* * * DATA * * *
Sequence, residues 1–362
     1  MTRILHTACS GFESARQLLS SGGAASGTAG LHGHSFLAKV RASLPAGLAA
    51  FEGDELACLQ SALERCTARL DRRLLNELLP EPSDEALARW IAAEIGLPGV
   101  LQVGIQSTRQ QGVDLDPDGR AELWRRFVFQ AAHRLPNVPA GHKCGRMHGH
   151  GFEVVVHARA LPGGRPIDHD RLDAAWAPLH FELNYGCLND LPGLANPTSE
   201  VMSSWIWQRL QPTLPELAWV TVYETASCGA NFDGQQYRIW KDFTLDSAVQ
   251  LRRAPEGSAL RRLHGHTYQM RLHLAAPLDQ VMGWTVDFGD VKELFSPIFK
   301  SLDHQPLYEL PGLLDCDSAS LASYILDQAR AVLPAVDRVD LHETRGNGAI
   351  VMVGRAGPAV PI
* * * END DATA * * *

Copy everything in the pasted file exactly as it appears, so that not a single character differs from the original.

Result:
Sequence, residues 1–362
     1  MTRILHTACS GFESARQLLS SGGAASGTAG LHGHSFLAKV RASLPAGLAA
    51  FEGDELACLQ SALERCTARL DRRLLNELLP EPSDEALARW IAAEIGLPGV
   101  LQVGIQSTRQ QGVDLDPDGR AELWRRFVFQ AAHRLPNVPA GHKCGRMHGH
   151  GFEVVVHARA LPGGRPIDHD RLDAAWAPLH FELNYGCLND LPGLANPTSE
   201  VMSSWIWQRL QPTLPELAWV TVYETASCGA NFDGQQYRIW KDFTLDSAVQ
   251  LRRAPEGSAL RRLHGHTYQM RLHLAAPLDQ VMGWTVDFGD VKELFSPIFK
   301  SLDHQPLYEL PGLLDCDSAS LASYILDQAR AVLPAVDRVD LHETRGNGAI
   351  VMVGRAGPAV PI